Back when I started my company, I interviewed a young woman for an assistant position and walked her through the stresses of the job of managing prickly PR clients. In the end, I asked her if she thought she could do it. Her answer surprised me: “Well,” she said, “I’m from Texas, and I can handle anything y’all can throw at me.” I thought to myself: could that really be enough? And you know what? There’s just something about Texas.
In that spirit, come along with us to the fourth edition of the Waco Family & Faith International Film Festival, which brushed aside a freak second year in a row of foul weather to present an impressive and uplifting slate of 31 feature, short, student, and animated films from around the world focusing on diversity/BIPOC programming, inspiration and celebration of the human spirit. Many films competed for Grand Jury Prizes following three days of screenings, dance, golf, fashion, and filmmaker education in venues across Waco, from the historic Hippodrome Theatre to the Pivovar, the remarkable Czech-themed brewery, restaurant, and hotel that served as de facto Festival headquarters.
“Our growth and strength build every year, and it’s our community and our sponsors that are responsible for that,” begins Festival Founder, Executive Director, and chief evangelist Dr. Tyrha Lindsey-Warren. “That community comprises our local residents and supporters, from students to seniors; our visiting community of filmmakers who came to Texas from far-flung New York City, Los Angeles, and abroad; festival enthusiasts and the more than a dozen sponsors that enable us to show our films and year-round programs.”
“…31 feature, short, student, and animated films from around the world focusing on diversity/BIPOC programming, inspiration and celebration of the human spirit.”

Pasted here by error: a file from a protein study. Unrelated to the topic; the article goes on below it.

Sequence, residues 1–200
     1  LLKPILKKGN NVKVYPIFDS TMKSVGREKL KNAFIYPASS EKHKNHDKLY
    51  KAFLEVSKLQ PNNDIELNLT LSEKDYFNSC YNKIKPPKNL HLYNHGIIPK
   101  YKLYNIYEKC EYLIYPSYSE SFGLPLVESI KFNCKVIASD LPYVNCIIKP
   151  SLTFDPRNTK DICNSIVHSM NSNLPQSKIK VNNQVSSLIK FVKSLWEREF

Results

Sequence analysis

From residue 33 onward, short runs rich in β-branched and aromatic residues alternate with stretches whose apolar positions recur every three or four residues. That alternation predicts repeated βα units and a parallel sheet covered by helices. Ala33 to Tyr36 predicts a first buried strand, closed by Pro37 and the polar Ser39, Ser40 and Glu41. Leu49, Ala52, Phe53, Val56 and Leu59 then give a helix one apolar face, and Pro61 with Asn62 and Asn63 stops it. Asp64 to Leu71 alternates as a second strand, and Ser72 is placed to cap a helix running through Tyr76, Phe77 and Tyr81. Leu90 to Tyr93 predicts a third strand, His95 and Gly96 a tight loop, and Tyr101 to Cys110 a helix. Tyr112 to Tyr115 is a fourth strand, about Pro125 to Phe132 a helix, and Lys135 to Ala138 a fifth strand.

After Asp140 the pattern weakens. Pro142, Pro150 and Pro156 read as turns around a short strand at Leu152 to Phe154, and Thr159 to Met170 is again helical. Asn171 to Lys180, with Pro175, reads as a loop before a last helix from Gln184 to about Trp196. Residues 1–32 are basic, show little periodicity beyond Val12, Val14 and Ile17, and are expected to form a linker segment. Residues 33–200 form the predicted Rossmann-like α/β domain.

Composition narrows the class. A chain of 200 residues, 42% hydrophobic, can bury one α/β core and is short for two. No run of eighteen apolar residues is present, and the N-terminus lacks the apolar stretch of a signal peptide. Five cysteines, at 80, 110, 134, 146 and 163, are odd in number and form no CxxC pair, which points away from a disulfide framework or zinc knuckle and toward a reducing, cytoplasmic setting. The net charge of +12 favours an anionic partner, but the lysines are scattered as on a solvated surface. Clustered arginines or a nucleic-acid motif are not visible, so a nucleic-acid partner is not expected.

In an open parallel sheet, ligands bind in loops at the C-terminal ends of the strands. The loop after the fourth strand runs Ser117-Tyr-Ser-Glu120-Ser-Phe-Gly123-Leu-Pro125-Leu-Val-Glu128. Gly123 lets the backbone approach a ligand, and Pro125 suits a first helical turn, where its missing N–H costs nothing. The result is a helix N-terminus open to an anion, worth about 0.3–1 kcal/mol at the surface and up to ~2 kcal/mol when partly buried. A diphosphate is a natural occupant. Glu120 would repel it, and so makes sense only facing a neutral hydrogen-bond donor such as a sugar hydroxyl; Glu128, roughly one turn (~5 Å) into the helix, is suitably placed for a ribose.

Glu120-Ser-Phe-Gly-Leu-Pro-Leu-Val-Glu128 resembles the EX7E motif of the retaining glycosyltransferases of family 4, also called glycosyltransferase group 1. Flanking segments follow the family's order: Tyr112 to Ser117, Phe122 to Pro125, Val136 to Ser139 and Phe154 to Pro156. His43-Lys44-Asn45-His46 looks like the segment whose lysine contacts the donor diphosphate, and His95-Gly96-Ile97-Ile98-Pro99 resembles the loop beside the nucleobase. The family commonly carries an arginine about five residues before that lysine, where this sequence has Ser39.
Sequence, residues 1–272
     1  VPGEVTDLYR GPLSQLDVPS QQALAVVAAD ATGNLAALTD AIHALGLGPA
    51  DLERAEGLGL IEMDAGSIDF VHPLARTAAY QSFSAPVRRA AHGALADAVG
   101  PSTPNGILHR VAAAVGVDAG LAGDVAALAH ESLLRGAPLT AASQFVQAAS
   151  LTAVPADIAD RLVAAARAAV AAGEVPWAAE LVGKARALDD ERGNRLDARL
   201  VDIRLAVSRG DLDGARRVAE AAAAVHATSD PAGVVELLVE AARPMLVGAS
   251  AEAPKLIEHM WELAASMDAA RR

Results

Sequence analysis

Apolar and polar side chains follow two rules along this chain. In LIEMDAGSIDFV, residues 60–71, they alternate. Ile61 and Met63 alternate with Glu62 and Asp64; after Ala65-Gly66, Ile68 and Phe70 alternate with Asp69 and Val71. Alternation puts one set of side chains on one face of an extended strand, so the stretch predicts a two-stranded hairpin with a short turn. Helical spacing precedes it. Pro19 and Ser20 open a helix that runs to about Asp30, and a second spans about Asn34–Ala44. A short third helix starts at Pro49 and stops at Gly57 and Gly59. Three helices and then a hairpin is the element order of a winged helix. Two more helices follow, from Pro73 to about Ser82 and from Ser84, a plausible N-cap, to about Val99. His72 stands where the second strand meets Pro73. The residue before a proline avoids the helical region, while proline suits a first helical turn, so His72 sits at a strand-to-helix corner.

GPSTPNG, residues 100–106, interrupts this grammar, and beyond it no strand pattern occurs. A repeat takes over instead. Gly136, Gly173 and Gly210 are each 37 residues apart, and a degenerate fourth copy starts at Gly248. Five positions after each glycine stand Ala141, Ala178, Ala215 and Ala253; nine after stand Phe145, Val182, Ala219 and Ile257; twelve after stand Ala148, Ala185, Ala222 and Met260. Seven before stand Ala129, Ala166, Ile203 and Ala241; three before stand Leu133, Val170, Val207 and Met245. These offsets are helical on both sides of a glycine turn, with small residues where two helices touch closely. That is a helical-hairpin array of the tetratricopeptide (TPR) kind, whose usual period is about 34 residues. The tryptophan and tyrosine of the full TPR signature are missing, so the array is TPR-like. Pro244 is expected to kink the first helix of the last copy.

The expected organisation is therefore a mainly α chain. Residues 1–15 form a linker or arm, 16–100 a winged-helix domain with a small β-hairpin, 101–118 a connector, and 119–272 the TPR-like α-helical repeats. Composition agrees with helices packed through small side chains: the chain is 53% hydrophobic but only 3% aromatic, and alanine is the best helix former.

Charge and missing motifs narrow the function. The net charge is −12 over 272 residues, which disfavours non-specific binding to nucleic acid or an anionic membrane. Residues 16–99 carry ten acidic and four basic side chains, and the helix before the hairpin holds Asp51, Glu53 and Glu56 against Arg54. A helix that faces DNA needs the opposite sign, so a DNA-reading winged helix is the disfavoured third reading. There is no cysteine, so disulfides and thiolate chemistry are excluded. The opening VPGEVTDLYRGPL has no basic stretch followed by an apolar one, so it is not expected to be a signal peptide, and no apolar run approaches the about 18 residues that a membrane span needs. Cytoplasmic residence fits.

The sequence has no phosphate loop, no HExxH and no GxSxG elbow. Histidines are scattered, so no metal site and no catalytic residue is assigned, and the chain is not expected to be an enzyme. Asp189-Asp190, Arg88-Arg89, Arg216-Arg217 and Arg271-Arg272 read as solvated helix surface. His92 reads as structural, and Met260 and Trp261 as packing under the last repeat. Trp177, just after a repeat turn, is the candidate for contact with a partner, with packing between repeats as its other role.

The damaging ice and snowstorm that cut power, felled trees and outbuildings, and snarled air and auto traffic across central Texas claimed only one Festival victim: the Wednesday Ozomatli concert, which Lindsey-Warren promised to present under the auspices of the Festival later this season.
Filmmakers and industry executives came in numbers anyway, defying the elements to attend the Festival. We landed in sleet and freezing rain in Austin after two days of canceled flights and undertook a white-knuckled drive two hours up I-35 as the temperature dropped below freezing and the wipers smeared semi-truck sludge across the windscreen which caked conveniently at its edges. With the storm at my back, threatening to overtake me, I didn’t dare pull over for fear of being stuck on Texas’ evil, ubiquitous “service roads,” which flank all major highways but confound visitors. I did pass by “the world’s largest convenience store”–Buc-ees–“a chain of travel centers known for clean bathrooms and many fueling positions (I counted 40),” and whose happy beaver billboards promise “eat at Buc-ees, get gas” and pepper the Interstate for 150 miles in either direction—a Texas-style “South of the Border.” But we pressed on.
I got to the Pivovar at 9:05, minutes after the Festival’s new opening night: its second annual “Fashion & Style Show” reception and shopping event at Art Center Waco, which featured celebrity stylist Deborah Koenigsberger presenting fashions from her New York boutique Noir et Blanc, local student models and the WFFFF’s 4th annual class of “Champion Awards” recipients, which honored exemplars of innovation and “good disruption” in the arts. The 2023 Champions Award recipients included multiple award-winning animation artist, director, and producer, Bruce W. Smith, who is the creator and executive producer of “The Proud Family: Louder and Prouder” on Disney+; the legendary television producer, Ralph Farquhar, who is the executive producer of “The Proud Family: Louder and Prouder” on Disney+; Latin Grammy-Award winner, OZOMATLI; and award-winning TV journalists, Ke’Sha Lopez and Pete Sousa, co-anchors of the morning news show on KWTX-TV/Ch.10-CBS in Waco and Central Texas. Everyone except for Ozomatli was on hand to collect their awards.